The notion of the radical pastoral that the book tries to engender in the poems came from Kinsella’s book, Disclosed Poetics, which contains astonishing readings of Australian literature. Particularly I was taken by Kinsella’s reading of ‘Speed, A Pastoral’, by John Forbes. In the book Kinsella lays out a definition of the radical pastoral and an engagement with the land that subsumes anthropomorphic hierarchies and privilege, and demands new ways of mediating our relationship with nature in a manner which is non-exploitive, finally moving towards an activist poetics, which would become his next large theoretic project.

Hyaline, I believe I first read in a poem of Jeremy Prynne’s, and you will see the word used by a number of poets who read his work with some dedication. The definition is chiefly anatomical or zoological and pertains in this way to cartridge, as resembling a glassy or translucent surface. In literary works the word is usually used in the description of landscapes: a hyaline sky, or such, which entails a vitreous characteristic to the surface described, that is, both reflective and refractive. And that is how I began to consider the relationship with nature of which I was writing, as both of reflecting a personal ethics, and refracting back a portion of the natural through an ethical prism, reflecting the promise and failures of humankind.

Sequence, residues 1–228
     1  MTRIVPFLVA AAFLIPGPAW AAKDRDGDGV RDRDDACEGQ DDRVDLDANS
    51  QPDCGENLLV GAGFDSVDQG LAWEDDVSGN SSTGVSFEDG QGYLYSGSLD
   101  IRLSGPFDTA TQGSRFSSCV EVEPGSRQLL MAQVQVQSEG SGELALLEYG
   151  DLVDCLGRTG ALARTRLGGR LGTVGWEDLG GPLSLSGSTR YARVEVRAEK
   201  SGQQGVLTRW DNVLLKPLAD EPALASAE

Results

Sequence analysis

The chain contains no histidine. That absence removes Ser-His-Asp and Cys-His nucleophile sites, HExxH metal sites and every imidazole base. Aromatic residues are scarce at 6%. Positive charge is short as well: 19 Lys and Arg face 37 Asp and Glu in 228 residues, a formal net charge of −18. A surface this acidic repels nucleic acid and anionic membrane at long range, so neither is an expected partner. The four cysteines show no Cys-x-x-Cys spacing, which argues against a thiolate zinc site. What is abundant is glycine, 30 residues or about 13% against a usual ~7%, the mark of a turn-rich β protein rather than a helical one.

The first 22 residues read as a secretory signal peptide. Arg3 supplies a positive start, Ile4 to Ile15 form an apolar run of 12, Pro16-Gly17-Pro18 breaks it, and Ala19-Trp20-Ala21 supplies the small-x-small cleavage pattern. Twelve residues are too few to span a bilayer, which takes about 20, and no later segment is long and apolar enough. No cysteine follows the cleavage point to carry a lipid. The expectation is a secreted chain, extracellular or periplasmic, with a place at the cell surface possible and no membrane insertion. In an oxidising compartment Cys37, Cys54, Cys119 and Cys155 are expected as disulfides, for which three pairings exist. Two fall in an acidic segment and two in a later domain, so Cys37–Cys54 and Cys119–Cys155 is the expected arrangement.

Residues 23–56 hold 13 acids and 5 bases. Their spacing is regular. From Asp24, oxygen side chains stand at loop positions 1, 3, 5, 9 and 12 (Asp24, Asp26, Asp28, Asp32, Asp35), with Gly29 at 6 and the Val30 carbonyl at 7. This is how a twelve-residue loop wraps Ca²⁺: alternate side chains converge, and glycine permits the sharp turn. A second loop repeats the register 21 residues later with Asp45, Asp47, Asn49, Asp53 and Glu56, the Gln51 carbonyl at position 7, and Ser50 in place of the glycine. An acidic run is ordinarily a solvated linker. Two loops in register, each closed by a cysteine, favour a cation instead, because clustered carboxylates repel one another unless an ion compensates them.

It is also a collection about loss, analogously the loss we face as humans with the continuing global destruction of ecologies for profit, and about the loss of connection to land which I felt strongly when relocating from Canada to the Australian outback. In this sense the poems which focus on the Australian landscape are dominantly about finding new ways of reading the land, of understanding how traditions, rituals and concept of land have been affected by colonialism, have been affected by the rise of the technological, by dislocation. Therefore the poems and their language reflect destruction, reflect damage, in lexicon, in description, in the failure of a model of lyric to measure up to the world. The corporeal body as damaged poem, the damaged poetic as the earthen dream. The damage and limitations of intent.